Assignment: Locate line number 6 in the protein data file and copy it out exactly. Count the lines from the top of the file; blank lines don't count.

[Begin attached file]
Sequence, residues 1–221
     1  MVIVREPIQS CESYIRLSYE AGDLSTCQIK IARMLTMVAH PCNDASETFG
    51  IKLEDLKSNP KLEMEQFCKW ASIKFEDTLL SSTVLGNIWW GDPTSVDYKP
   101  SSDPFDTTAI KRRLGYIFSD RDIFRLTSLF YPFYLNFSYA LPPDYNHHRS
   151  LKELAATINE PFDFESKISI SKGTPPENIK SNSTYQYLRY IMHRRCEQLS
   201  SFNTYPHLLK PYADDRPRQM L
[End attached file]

   201  SFNTYPHLLK PYADDRPRQM L